anonymous
  • anonymous
f(x) = 2e^3x + 1 Find the inverse f^-1(x). Can anyone help?
Trigonometry
jamiebookeater
  • jamiebookeater
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jackellyn
  • jackellyn
Set it equal to y. Switch the x and the y, solve for y.
jackellyn
  • jackellyn
y=2x^3+1 x=2y^3+1 Solve for y.
anonymous
  • anonymous

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jackellyn
  • jackellyn
Did you get the answer?
anonymous
  • anonymous
my calculator is messing up, can you walk me through it pls. @jackellyn
jackellyn
  • jackellyn
so to solve for y you need to perform reverse operations. If we have x=2e^3y +1 What do we need to do first to get y alone?
anonymous
  • anonymous
subtract 3y on both sides @jackellyn i think
jackellyn
  • jackellyn
Well the 3y is part of the exponent so we can't get rid of it just yet. First we need to get rid of the +1 and move it to the other side so do we add it to both sides or subtract it?
anonymous
  • anonymous
subtract it @jackellyn
jackellyn
  • jackellyn
Right so we have x-1= 2e^3y Now we need to get rid of the 2 in front of the e^3y. What do you get?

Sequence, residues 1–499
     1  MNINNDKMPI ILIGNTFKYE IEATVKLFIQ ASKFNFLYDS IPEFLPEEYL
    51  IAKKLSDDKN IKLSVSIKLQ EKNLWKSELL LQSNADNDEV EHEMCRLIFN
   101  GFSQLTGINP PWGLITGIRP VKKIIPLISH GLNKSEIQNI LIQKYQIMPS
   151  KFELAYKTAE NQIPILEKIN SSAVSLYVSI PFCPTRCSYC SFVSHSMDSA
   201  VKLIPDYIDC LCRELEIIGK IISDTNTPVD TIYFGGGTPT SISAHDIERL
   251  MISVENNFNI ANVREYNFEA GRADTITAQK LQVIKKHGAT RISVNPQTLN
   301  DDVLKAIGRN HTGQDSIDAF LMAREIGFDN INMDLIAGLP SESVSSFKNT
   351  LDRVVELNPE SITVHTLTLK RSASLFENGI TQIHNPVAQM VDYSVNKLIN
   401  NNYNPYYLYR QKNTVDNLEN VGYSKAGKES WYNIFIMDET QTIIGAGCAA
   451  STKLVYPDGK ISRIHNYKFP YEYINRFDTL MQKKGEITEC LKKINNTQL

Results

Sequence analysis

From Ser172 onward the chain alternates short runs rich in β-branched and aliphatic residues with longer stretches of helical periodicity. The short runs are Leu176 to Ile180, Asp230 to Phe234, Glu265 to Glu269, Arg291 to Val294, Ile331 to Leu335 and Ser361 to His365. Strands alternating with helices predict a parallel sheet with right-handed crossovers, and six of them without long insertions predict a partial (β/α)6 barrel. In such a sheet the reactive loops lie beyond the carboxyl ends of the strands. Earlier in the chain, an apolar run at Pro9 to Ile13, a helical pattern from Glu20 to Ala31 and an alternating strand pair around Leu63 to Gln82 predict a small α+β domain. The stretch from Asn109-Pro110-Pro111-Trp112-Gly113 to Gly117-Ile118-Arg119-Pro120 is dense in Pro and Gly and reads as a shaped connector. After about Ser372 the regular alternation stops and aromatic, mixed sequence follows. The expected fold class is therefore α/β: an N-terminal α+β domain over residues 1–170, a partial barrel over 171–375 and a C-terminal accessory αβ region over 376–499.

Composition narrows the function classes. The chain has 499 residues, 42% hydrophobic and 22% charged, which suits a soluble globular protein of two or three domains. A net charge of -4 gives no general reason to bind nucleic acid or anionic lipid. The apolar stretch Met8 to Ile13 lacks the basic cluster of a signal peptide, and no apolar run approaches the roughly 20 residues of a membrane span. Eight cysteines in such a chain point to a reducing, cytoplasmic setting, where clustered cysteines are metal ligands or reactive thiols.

anonymous
  • anonymous
divided
anonymous
  • anonymous
@jakellyn if thats correct
anonymous
  • anonymous
@jackellyn you there
jackellyn
  • jackellyn
Yes, divide so then we have (x-1)/2=e^3y Do you remember the opposite operation of e?
anonymous
  • anonymous
I don't recall @jackellyn
jackellyn
  • jackellyn
You need to take the natural log of both sides to get rid of the e and stay only with 3y. ln (x-1/2)=ln e^3y ln (x-1/2)=3y Solve for y.
anonymous
  • anonymous
\[y =\frac{ x }{ 3}-\frac{ 1 }{ 6 }\] is that correct? @jackellyn
anonymous
  • anonymous
so is this the inverse for \[f ^{-1}\]
anonymous
  • anonymous
@jackellyn idk if you saw my replies^^^^
jackellyn
  • jackellyn
Sorry, I didnt. You can't get rid of the ln. It stays all together and then you can divide the 3. So \[y=\frac{(\ln \frac{ x-1 }{ 2 }) }{ 3 }\]
anonymous
  • anonymous
so thats the inverse of \[f ^{-1}(x)\]
jackellyn
  • jackellyn
It is the inverse of f(x). \[f ^{-1}(x)\] is the notation for inverse.
anonymous
  • anonymous
okay i understand now thx a lot
anonymous
  • anonymous
@jackellyn one more question what is the inverse

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